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An Introduction to Java


JAVA has been in development, in some form, since the beginning of the decade, but it is over the last eighteen months or so that it has really made the headlines, particularly in conjunction with the World Wide Web (WWW). This paper will look briefly at the history of Java, its current state of development and what the future may hold. This is not a tutorial or introduction to the language, details of such documents can be found in the reference section.

Although Java usually seems to be mentioned in the same breath as the WWW, it is in fact an object-oriented programming language with much wider applications than just the Web. It does, however, have a two main features which make it particularly suitable for creating applications which are delivered over the Web or other distributed environments, namely:

  • Platform independence - Java programs can be run on many platforms without modification. This portability is assured by using a 'virtual machine'. When a Java program is compiled byte-code is created rather than a standard executable file. Effectively, this is machine code for a virtual machine, which is then interpreted by the Java interpreter. The byte-code can be run on any platform which has a suitable interpreter.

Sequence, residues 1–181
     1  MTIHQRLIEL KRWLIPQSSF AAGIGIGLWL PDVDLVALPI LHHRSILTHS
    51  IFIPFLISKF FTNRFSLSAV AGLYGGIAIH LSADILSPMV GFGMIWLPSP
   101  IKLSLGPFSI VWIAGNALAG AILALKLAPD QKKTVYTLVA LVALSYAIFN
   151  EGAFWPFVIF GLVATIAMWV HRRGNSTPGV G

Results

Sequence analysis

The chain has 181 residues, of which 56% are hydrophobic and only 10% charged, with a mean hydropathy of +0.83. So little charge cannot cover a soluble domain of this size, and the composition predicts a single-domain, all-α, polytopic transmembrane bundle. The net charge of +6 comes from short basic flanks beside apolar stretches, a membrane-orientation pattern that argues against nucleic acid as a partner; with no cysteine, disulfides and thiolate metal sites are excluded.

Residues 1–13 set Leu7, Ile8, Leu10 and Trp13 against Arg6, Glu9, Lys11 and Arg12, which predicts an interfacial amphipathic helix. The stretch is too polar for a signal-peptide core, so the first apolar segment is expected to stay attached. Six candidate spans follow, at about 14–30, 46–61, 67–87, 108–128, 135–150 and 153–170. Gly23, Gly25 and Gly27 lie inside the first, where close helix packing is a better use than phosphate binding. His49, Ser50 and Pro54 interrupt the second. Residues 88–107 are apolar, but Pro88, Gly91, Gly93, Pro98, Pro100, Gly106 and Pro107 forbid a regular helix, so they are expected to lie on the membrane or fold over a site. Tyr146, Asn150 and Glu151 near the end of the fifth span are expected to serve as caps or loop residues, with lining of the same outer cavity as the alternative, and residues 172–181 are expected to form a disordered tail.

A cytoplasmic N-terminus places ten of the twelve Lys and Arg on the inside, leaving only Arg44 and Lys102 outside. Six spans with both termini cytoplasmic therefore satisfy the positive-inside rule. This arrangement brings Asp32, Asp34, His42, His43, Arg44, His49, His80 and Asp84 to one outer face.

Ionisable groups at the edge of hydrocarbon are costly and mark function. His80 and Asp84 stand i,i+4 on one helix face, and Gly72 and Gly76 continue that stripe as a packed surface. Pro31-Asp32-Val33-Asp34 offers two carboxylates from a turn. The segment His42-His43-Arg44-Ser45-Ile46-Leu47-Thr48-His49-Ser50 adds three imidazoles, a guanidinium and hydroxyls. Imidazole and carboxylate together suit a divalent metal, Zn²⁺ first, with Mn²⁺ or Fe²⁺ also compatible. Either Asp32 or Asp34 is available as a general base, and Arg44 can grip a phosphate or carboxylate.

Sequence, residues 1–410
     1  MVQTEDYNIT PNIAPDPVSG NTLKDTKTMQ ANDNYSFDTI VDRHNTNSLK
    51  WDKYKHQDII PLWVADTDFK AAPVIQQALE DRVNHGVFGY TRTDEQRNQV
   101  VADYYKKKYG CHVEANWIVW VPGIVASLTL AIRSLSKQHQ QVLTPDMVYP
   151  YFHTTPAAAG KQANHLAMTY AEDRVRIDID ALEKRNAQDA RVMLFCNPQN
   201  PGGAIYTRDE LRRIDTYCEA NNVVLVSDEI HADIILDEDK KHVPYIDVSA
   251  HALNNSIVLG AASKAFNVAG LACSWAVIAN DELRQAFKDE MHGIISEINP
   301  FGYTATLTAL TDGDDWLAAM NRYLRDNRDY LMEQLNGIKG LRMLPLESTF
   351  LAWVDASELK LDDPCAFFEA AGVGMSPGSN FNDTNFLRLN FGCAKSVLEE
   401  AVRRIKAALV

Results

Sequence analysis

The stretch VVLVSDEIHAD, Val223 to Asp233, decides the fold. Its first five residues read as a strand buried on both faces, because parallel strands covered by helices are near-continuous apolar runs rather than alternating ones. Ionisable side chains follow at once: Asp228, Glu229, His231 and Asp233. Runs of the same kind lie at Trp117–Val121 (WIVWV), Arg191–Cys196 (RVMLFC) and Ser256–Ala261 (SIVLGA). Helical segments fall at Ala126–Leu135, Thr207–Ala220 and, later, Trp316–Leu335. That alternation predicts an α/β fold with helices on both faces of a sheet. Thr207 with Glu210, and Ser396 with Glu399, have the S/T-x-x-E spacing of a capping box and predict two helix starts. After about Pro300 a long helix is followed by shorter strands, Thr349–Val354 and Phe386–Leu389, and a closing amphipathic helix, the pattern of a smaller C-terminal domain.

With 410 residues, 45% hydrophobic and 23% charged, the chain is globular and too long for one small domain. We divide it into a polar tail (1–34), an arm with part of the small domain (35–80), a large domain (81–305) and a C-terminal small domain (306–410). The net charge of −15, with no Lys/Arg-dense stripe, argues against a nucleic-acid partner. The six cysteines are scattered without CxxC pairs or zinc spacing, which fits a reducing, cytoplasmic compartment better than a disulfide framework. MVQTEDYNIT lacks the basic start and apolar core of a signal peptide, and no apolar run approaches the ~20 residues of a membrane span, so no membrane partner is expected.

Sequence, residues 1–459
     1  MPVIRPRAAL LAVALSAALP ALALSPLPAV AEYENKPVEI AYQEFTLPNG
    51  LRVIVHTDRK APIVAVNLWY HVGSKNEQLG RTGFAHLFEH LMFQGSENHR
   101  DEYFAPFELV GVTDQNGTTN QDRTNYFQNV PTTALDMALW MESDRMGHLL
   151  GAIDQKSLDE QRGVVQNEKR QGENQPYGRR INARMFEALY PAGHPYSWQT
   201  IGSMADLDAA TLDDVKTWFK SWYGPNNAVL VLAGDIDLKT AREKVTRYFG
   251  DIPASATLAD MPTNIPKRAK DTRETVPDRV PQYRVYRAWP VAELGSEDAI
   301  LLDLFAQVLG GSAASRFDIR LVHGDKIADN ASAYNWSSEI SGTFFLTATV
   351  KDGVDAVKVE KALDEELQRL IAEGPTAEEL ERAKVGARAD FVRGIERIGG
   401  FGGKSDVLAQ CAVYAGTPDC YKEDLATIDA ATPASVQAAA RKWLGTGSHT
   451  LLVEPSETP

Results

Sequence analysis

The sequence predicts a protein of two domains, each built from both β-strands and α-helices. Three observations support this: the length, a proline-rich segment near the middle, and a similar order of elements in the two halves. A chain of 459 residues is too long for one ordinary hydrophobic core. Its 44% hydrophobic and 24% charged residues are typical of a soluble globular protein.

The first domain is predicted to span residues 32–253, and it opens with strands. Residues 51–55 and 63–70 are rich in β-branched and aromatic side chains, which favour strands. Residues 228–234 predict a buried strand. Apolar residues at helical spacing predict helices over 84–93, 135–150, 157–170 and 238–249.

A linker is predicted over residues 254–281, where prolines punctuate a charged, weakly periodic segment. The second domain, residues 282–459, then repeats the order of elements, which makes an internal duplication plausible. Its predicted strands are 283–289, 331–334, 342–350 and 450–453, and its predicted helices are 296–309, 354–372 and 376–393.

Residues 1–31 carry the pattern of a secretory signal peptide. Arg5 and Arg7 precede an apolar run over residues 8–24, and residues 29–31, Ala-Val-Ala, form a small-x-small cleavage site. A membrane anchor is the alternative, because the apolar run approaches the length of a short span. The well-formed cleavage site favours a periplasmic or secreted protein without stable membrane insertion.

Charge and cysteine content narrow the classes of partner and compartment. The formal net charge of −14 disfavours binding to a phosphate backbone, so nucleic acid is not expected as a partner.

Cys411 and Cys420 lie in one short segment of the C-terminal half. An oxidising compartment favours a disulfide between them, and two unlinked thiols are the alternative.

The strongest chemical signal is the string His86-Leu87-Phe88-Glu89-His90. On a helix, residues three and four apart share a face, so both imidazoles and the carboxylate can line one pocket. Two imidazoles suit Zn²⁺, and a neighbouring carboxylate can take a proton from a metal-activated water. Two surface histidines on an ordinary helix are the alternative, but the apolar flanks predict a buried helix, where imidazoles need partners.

• Security - since Java has always been designed with distributed applications in mind, security has been incorporated right from the start, and if anything this has been seen to be too restrictive.


Java originally started life as a language called Oak. The 'Green Project', which developed Oak, was launched by Sun in 1991. Patrick Naughton, one of the project engineers, defined it as an effort to "do fewer things better". Oak was originally designed with PDAs (Personal Digital Assistant) and set-top boxes for interactive television in mind, but after several unsuccessful years, it was realised that many of the requirements of these products and the emerging WWW were similar. Development was shifted to reflect this, and a new web browser WebRunner (later to be renamed HotJava) was developed in 1994, with the alpha version of Java being released in May 1995.

Java and the JDK

Java is a fairly simple language, which will easily be picked up by programmers, particularly those familiar with C++. Although all that is needed to develop Java is a text editor and the JDK (see below), a number of development environments, including visual development environments are available. These include

All the above tools were reviewed in the June 97 issue of JavaWorld, which also contains a full list of Java developer's tools.

Once the code for an application has been written, it is complied into a class file, which contains the byte-code. This code can then be run on any supported platform using the Java interpreter. Applets are created in a similar way, with the source being complied to byte-code. However, the applet is then run by referencing the byte-code from within an HTML file, for example:

<applet code="HelloWorld.class" width=200 height=100>


where the width and height parameters are the size of the area the Java applet will run in.